For over a thousand years before the arrival of Europeans, Inuit people lived around Pangnirtung Fiord, subsisting on whales, seals, walrus, fish, caribou and bear. In 1921 the Hudson’s Bay Company (HBC) established a trading post in Pangnirtung. Once a year a HBC supply ship would pick up furs and whale oil and drop off food staples, cloth, guns and other tools.
Occasionally, however, the ice would not clear out of the fiord enough to allow the ship to enter. It would then be two years between re-supplies. For the handful of white people who staffed the HBC post and the Royal Canadian Mounted Police station, life could be isolated and lonely with only one annual mail-drop.
HBC Pangnirtung staff person Edward Beauclerk Maurice, however, learned Inuktitut and developed close friendships with the Inuit people. His years in the Arctic were full of adventure and learning. In a style reminiscent of Charles Dickens, Maurice recounts his adventures in his book The Last of the Gentlemen Adventurers (London: Fourth Estate, posthumously-published in 2004).
Maurice’s Inuit guide, mentor and friend was Jim Kilabuk, the grandfather of Meeka and Becky Mike. Meeka loaned Elizabeth a copy of Maurice’s book. Elizabeth is excited to now be in Pangnirtung where Maruice and Kilabuk lived. Some of the old HBC whale blubber rendering buildings are still standing.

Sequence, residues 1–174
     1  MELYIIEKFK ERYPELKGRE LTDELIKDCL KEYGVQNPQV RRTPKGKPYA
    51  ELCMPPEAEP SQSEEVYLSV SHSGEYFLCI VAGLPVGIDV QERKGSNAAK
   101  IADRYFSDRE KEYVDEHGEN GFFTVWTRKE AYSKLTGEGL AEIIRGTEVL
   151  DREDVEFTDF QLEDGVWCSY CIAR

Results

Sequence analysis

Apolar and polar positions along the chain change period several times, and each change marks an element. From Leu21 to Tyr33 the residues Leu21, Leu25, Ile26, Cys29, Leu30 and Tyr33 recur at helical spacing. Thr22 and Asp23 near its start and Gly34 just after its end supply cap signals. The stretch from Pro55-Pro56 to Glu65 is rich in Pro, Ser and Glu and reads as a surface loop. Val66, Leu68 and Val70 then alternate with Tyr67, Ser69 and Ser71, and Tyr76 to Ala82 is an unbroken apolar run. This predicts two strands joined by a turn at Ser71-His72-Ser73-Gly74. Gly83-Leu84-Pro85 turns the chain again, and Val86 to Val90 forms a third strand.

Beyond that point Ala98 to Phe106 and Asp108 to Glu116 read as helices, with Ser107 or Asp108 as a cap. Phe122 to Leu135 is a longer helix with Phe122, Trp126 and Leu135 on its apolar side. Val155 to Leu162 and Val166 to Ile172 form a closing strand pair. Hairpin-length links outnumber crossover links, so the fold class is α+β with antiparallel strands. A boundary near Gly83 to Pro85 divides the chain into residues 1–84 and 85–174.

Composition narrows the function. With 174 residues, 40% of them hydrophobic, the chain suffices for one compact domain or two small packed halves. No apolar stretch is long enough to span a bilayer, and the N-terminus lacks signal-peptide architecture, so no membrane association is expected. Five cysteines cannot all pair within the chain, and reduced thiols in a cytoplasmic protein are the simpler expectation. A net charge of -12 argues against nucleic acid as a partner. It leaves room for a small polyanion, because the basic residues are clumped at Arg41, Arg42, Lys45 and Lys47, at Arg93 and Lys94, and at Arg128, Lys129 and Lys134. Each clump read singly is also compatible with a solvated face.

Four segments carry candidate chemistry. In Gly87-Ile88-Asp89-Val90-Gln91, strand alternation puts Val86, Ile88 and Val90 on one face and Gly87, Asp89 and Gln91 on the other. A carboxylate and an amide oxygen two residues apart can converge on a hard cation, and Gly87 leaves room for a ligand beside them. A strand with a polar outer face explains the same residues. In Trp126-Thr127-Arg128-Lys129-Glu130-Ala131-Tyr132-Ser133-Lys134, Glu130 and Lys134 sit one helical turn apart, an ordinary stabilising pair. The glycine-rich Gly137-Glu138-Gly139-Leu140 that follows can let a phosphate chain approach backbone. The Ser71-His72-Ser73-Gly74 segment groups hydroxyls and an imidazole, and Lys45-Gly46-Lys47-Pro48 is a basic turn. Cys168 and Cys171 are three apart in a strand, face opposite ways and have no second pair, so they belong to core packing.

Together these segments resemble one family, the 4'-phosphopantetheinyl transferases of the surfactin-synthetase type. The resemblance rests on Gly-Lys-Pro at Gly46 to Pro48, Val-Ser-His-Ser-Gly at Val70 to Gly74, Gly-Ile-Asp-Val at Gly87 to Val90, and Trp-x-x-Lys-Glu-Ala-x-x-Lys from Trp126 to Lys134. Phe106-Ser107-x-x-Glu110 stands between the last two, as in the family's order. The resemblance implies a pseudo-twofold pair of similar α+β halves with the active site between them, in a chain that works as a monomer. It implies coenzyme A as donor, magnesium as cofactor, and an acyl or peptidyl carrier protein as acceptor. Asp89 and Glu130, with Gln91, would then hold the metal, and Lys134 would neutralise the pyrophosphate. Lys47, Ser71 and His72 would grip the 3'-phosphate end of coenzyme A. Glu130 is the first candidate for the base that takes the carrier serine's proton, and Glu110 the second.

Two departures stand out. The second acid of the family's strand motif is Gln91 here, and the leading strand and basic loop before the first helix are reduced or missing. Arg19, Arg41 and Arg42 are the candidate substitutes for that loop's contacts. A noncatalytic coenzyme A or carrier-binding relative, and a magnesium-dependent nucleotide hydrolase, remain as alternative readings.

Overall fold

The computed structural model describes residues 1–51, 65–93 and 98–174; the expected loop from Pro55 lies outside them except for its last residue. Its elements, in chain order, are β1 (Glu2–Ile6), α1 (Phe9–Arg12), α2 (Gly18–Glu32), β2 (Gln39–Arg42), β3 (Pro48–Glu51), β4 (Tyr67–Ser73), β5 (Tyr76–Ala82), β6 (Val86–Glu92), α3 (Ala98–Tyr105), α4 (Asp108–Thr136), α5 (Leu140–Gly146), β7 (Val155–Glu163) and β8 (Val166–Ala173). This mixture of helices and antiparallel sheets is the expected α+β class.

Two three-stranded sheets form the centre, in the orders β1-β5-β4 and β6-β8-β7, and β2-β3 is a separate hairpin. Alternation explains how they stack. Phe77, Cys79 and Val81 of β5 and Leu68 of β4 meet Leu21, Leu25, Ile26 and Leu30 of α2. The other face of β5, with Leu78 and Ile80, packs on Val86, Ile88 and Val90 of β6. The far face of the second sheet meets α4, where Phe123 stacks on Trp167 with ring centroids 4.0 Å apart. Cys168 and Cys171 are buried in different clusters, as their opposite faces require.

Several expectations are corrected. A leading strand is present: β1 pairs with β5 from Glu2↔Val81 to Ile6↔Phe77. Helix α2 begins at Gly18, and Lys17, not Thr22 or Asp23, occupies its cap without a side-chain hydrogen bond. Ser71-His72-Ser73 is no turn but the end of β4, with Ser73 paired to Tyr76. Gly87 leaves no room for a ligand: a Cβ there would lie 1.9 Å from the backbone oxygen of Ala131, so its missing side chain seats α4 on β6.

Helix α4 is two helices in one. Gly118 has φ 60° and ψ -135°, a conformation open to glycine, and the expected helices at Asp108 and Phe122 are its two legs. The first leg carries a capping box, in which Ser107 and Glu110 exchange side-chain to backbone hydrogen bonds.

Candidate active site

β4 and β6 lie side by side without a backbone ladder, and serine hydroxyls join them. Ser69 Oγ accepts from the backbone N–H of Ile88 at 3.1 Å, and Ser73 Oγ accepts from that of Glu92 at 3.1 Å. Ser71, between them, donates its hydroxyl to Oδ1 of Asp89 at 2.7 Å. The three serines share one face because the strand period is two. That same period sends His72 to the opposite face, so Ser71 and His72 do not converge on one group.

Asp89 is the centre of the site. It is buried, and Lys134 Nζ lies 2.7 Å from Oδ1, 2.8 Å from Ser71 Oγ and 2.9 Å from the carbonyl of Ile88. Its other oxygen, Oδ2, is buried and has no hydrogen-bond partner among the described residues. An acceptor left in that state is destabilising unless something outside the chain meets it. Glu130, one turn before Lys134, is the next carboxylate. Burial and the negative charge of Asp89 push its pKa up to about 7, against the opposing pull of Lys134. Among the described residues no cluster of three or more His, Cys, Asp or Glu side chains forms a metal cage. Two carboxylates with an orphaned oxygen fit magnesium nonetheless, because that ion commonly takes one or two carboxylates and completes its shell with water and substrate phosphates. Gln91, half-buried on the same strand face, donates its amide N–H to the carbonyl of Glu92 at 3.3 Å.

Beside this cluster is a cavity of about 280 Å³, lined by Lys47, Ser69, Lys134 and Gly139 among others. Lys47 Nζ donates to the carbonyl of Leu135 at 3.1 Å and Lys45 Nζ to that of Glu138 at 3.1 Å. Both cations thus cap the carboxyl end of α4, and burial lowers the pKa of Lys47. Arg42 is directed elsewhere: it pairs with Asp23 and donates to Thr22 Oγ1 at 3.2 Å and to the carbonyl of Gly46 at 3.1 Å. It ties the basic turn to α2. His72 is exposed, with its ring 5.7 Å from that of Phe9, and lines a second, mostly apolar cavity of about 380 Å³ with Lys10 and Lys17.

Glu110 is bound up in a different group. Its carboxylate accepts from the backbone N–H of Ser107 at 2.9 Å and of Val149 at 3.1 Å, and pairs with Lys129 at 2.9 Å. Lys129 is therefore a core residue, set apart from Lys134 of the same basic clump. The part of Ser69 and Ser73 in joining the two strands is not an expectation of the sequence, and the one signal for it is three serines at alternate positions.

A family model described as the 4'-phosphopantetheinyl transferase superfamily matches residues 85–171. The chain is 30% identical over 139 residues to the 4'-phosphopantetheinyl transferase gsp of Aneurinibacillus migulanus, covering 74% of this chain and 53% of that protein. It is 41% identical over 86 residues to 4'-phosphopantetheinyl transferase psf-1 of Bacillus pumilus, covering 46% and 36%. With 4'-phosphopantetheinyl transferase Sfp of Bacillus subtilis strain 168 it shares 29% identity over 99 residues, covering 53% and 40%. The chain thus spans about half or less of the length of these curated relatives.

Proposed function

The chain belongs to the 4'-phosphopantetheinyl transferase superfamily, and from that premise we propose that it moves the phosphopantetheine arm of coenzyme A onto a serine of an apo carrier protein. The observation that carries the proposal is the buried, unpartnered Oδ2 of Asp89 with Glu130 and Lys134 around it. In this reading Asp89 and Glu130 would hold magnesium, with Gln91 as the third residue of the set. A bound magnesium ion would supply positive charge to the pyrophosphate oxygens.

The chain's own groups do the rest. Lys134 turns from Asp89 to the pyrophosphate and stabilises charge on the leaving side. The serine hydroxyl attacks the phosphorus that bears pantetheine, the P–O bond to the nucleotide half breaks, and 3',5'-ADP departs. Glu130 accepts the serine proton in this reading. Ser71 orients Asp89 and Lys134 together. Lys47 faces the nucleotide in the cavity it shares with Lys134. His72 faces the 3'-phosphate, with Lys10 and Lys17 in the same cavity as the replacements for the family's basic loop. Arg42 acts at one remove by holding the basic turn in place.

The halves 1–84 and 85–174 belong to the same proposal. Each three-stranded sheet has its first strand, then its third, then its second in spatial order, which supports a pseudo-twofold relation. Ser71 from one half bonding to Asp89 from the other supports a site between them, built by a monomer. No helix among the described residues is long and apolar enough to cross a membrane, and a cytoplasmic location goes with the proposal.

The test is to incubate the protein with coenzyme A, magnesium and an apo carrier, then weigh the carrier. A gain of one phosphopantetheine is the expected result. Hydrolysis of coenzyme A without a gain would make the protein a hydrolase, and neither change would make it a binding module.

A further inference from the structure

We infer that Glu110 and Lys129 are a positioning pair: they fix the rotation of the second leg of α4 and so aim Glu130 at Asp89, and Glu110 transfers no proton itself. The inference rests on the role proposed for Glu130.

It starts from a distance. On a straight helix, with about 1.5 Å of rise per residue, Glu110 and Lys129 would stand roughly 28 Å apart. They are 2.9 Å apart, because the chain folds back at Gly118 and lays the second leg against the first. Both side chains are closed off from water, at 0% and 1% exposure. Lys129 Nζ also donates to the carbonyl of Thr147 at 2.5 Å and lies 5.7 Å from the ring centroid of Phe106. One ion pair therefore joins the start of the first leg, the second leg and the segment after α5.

Here is a Maurice’s description of the whale blubber buildings:
The [blubber house] was as unromantic in appearance as in name. Inside one shed was a rendering machine into which the cut-up blubber was stuffed to be processed into oil which was then pumped from the machine to tanks outside. In another shed, the hides were stored at one end and meat which could be used to feed the dogs at the other. The hides had been shipped off on the [ship], but a pile of decomposing meat remained. This was my first encounter with high meat en masse and the smell was too much for me. I had to grasp my nose and retire in haste. I surmised that…this was another aspect of my new life that I would adjust to in time. (pp. 57-58)
In the photos, you can see the blubber buildings as they look today. The round metal tub was where blubber would be rendered into oil. The oil would then be stored in the rectangular containers until it could be loaded on the supply ship.
Inuit people on Baffin Island still hunt beluga whales for subsistence.